“I can’t wait until I get more experience at this and it all becomes easier”

I remember very well the day that one of my students said this to me, it was mid-training and I was explaining the intricacies of controlling body movement and re-directing an opponents strength back on themselves through their own grip on the limb they were trying to immobilise. it was during basic Ikkyo practice and they had become frustrated with themselves.

I also remember the look on their face when i told them i often thought the same thing, it was a mix of confusion and humorous disbelief. Very quickly I mentioned that was the whole point, and was in fact one example of how well they were doing. That they found it difficult was a a demonstration of their improvement.

Even more confusion ensued.

To understand the importance of maintaining the challenge of training, it is important first to recognise the need for progression and the manner in which we deal with it, both as student and also as instructor.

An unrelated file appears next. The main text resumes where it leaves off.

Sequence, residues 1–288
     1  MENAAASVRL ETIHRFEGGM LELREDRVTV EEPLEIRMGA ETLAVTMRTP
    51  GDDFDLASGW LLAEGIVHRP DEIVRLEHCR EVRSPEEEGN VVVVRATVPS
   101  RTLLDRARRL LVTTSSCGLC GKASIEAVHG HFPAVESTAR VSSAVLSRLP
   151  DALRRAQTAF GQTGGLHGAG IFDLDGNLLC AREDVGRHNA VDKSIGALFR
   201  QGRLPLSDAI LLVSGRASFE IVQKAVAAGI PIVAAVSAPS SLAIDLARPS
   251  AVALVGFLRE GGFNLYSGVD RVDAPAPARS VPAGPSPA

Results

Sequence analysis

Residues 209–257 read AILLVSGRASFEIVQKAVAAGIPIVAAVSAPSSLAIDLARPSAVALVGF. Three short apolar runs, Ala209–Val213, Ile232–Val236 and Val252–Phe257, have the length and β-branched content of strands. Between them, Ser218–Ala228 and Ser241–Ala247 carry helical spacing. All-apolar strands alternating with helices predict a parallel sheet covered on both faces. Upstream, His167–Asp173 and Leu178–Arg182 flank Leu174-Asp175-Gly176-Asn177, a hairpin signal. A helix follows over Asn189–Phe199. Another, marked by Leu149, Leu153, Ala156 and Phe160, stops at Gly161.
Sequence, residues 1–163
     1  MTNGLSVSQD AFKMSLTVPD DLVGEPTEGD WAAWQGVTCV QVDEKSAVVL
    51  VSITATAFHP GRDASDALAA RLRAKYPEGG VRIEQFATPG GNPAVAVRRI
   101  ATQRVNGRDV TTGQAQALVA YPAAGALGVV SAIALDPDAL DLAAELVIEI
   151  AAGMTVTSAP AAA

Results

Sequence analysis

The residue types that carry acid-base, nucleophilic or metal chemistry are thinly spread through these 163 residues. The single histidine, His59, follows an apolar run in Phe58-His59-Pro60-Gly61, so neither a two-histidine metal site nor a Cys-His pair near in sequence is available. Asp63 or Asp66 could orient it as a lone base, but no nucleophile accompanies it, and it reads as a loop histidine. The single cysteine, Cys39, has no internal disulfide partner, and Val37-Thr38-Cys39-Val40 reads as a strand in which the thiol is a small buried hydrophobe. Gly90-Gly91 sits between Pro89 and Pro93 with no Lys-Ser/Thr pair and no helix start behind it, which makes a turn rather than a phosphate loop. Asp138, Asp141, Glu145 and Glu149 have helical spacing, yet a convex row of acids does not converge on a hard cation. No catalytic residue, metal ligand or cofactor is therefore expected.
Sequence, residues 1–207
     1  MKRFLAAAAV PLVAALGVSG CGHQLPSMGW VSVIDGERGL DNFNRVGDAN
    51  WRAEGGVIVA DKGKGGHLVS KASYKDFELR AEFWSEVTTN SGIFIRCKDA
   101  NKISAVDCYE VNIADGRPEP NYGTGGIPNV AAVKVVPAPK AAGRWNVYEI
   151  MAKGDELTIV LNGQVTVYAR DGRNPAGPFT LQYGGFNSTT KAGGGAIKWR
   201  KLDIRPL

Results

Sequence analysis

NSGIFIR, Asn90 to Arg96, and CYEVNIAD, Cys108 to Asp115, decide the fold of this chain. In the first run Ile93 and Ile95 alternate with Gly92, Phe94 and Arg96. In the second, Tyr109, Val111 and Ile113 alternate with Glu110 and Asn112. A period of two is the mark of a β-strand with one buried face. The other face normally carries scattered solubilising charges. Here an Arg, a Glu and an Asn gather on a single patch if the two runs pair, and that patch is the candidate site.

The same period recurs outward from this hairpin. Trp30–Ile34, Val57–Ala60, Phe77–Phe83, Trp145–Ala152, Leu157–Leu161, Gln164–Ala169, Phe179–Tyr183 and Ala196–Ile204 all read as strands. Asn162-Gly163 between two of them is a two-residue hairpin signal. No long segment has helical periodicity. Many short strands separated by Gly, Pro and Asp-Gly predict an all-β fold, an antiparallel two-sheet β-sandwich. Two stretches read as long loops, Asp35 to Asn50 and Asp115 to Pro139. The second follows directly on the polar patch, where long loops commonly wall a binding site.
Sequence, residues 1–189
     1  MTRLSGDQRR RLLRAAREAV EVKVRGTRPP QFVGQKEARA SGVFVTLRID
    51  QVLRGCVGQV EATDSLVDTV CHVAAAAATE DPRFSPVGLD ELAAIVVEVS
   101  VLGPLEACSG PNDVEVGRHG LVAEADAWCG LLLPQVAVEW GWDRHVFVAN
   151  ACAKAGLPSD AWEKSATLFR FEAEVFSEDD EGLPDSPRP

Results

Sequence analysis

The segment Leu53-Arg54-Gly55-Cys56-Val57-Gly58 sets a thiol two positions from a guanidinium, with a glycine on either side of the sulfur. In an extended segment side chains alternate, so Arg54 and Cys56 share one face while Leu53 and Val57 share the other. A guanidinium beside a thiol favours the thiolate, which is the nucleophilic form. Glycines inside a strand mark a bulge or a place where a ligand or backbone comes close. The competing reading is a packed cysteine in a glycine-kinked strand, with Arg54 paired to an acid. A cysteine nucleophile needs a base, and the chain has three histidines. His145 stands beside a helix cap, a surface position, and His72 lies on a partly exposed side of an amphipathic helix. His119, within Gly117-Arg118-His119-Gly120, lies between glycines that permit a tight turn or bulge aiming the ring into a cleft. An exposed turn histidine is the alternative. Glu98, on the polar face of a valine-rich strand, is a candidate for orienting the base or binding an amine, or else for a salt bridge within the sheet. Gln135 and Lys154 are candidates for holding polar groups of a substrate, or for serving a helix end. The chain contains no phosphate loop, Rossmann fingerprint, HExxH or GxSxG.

Progression in traditional martial arts is measured in many ways, for some it can be determined and identified with through the attainment of grades or belts, for others it is a less physical and more personal issue and comes from personal perspective and introspection. Both are at one extremely valid and often misleading. On one hand, display of a grade or completion of a grading shows a level of technical ability to a common standard but often does little for the students personal belief in themselves. This expresses itself often after a grading where students feel they do not deserve what their instructor determines they have achieved. On the other the level of personal understanding serves the individual very well but can inhibit their interaction with others who are unable to recognise their ability, thus limiting the level of training which they may accomplish together, thus affecting how both feel about their technical ability. I have experienced this in the past when the club only wore traditional white or black belts, other clubs did not grasp the ;level off an individuals ability, and likewise the students found it difficult to know where on the developmental route they were. The curse of western mindset and thinking. We really do need to know where we fit in – so that we can see a way forward.